peteg's blog - AYAD

Trung Nguyên: 1 Nguyễn Thông, District 3.

/AYAD/HCMC/Cafes | Link

This "official" one is at the railway station. As the whole place is smoke-free, it is quite comfortable, albeit totally empty. I think the train users have other things on their minds than coffee. Perhaps it gets busy when the train comes in. The coffee is so-so.

Trung Nguyên: 26B-C Lê Lợi

/AYAD/HCMC/Cafes | Link

A brand-new tiny "official" cafe in the heart of the tourist district. The coffee wasn't great, the prices are the same as elsewhere, and there is little to attact me to this place.

Trung Nguyên: Corner of Trương Dịnh and Lý Tự Trọng.

/AYAD/HCMC/Cafes | Link

This one is new since my last visit. It is an "official" one, quite similar to the others, with a non-smoking floor. Quite near the tourist areas. There is no point drinking anything but the coffee as everything is expensive. I got a card and now have a few other new ones to check out.

Finally, xe ba bánh photos.

/AYAD | Link

Following Andrew T's advice I uploaded a bunch of photos to Google's Picasa. Enjoy. The quality is a lot lower than the originals but you get the idea.


I spent National Day with Loan in HCMC. The modern nation of Việt Nam is 35 years old now. We went to the zoo, to visit the elephants. Here I am feeding one of the old cows some sugar cane. I think she remembered me from two years ago.

Daz's water and sanitation project in the news

/AYAD | Link

Someone's taken the time to do a good vibes write-up of his and others' efforts on the Mekong Delta.

The Poetry of Nguyễn Du.

/AYAD | Link

Apparently Nguyễn Du is the poet-of-all-poets in Việt Nam, and his Tale of Kiều is known to all the people of the country, or at least the motifs are. I couldn't find much about it in English on the internet so I typed up a section of an old book about it. You can find it here.

Trung Nguyên: 218B Pasteur, District 3.

/AYAD/HCMC/Cafes | Link

It struck me that I never wrote up this pearl of a Trung Nguyên café, even though I've been going there for ages. Loan pointed it out to me a long time ago. Darren rated the phê dá "not bad", as I recall.

The main attraction of this place is that it has the pentafecta [*]: good coffee, food, electricity, wifi, and is not too smokey indoors. I have to say that I prefer the cà phê sữa đá number 5 they serve me at 603 or 346 Nguyễn Trãi. The food is quite OK and not too expensive, and the courtyard is pleasantly shady. The parking bloke seems to be in a perpetual good mood.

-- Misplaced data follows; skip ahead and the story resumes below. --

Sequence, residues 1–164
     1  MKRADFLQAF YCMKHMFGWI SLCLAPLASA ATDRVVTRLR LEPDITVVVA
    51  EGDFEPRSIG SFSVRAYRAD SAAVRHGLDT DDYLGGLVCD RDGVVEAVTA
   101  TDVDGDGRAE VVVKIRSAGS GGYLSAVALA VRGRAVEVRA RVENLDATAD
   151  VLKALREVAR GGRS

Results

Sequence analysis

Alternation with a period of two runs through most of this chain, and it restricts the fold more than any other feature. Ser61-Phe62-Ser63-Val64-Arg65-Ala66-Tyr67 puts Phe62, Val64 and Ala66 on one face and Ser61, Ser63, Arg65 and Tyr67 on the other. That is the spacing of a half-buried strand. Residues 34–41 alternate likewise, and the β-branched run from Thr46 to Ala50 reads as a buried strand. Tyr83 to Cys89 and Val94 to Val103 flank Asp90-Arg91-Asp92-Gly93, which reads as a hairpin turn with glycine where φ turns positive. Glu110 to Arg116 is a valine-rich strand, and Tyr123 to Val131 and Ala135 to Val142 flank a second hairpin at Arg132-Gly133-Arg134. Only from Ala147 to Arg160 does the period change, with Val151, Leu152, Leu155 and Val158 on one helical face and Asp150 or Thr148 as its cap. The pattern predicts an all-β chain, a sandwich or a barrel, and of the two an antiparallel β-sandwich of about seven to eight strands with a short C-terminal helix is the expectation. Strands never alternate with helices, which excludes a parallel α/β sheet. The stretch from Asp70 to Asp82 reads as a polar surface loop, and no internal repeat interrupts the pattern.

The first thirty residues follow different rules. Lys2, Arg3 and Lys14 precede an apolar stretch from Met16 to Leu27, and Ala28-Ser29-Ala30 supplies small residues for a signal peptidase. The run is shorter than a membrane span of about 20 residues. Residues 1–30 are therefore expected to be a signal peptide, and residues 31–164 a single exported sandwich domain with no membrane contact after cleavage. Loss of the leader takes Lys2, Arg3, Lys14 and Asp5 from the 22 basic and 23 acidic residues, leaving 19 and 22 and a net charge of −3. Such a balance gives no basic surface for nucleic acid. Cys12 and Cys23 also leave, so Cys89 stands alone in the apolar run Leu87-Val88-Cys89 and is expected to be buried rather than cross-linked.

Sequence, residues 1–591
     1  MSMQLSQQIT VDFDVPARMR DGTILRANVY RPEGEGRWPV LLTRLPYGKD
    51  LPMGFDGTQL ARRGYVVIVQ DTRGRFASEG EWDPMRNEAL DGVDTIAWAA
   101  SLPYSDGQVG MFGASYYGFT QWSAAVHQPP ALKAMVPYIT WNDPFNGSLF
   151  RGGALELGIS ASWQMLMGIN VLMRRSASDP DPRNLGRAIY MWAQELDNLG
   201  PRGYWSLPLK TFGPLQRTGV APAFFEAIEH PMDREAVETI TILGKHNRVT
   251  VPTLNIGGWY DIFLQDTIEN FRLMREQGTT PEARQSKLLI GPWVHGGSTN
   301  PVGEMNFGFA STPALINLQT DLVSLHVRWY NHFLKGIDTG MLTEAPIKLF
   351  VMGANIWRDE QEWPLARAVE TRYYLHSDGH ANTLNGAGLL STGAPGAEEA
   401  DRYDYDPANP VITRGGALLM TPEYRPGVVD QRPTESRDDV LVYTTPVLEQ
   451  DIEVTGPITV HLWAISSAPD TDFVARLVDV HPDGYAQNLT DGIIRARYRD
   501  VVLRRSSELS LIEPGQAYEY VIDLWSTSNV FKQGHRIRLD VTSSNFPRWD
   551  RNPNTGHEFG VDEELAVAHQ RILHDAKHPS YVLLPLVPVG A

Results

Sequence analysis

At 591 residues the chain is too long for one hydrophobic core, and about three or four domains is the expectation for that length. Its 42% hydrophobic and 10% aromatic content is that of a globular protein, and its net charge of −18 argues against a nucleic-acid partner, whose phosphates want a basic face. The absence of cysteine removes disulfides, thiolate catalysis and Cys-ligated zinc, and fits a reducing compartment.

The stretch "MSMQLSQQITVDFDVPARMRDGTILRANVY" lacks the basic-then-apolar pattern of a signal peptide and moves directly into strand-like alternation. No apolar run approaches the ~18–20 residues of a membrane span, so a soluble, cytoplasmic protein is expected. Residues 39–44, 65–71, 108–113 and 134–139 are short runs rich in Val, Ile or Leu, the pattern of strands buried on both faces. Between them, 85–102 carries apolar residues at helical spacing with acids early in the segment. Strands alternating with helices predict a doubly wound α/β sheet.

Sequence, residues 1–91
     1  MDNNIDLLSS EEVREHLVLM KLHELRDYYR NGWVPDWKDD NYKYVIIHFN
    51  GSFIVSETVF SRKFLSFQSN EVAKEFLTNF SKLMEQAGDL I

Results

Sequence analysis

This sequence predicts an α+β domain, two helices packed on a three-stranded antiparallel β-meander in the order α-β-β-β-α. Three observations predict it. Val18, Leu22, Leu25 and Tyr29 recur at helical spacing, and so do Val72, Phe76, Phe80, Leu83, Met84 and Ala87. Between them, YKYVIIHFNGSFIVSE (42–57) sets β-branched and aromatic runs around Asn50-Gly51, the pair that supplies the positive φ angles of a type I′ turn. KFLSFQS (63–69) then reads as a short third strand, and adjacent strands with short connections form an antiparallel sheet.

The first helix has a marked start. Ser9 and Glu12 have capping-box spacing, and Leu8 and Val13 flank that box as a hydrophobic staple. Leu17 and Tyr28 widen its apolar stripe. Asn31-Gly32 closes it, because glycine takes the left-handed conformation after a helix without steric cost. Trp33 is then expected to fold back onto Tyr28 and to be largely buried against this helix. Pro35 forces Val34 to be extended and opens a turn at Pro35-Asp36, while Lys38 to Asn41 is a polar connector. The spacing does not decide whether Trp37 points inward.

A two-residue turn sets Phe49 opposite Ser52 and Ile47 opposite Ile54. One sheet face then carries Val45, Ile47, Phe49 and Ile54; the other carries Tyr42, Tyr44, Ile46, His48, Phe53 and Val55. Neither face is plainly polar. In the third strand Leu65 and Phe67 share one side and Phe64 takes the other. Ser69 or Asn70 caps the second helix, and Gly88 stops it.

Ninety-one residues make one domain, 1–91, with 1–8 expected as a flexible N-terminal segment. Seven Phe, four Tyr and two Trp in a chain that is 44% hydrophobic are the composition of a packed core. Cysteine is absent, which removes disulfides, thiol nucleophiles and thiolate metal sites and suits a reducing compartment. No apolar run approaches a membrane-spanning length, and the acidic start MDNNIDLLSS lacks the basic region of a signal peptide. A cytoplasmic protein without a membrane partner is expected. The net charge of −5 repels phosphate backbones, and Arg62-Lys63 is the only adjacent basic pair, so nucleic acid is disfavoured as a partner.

[*] penta- (5) plus perfecta, cf trifecta.

Bố của Sir Cử

/AYAD | Link

Bố của Sir Cử

This is Cử's father wearing one of Darren's Hai Lúa t-shirts. He once told me he was the best thing on the Mekong Delta. (In jest, of course.)

Nhà hàng Việt Chay Vĩnh Nghiêm


Last dinner in Hồ Chí Minh City with Loan, at least for a while. She suggested we go to the pagoda on Nam Kỳ Khởi Nghĩa near Stinky, the canal at the top of District 1, and eat some vegetables. We ordered enough food for three people, and everything we managed to eat was excellent. The prices are reasonable but not cheap. I'd strongly recommend it to anyone interested in ăn chay (on ngày rằm or any other day).

Rounding up some press.

/AYAD/Project | Link

Chị Yến,
Triêu and me. I was interviewed for the women's newspaper, Phunữ. Left-to-right in the photo: DRD Director Chị Yến, my counterpart Triêu and me, and the MacBook in the foreground, of course. We're seated in the corner of the DRD office. I asked the journalist to publish my email address but sadly she did not.

More press coverage at Tuổi Trẻ and I guess this means my AYAD project was a success.

Website launch.

/AYAD/Project | Link

We're famous, we've got the top hit on Google Việt Nam for "DRD", and on the front page for The launch went fairly well, with demonstrations of the "zoom" layout and the JAWS screen reader, and good attendence by the press. There were some good questions and I was exhausted by the end of it.

DRD Website Mới live.

/AYAD/Project | Link

Partly by accident, partly by design, the new DRD website is now live. It has some remaining rough edges which I'll be ironing out this week and next. We'll have a launch press conference this Sunday, June 29. Any and all feedback is very welcome.

Project blah blah.

/AYAD/Project | Link

I've been reading a lot of accessibility articles. Most are (at best) unscientific. If you can cope with the outmoded HTML advice, the best is Joe Clark's Building Accessible Websites. I feel his treatment of colour blindness is ... excessive, in a good way.

Finally someone has cooked up a good explanation of how to stuff Flash into a webpage, and why <embed> lurches forever onward. It has convinced me that if one decides to be evil and use Flash, one must necessarily also use JavaScript.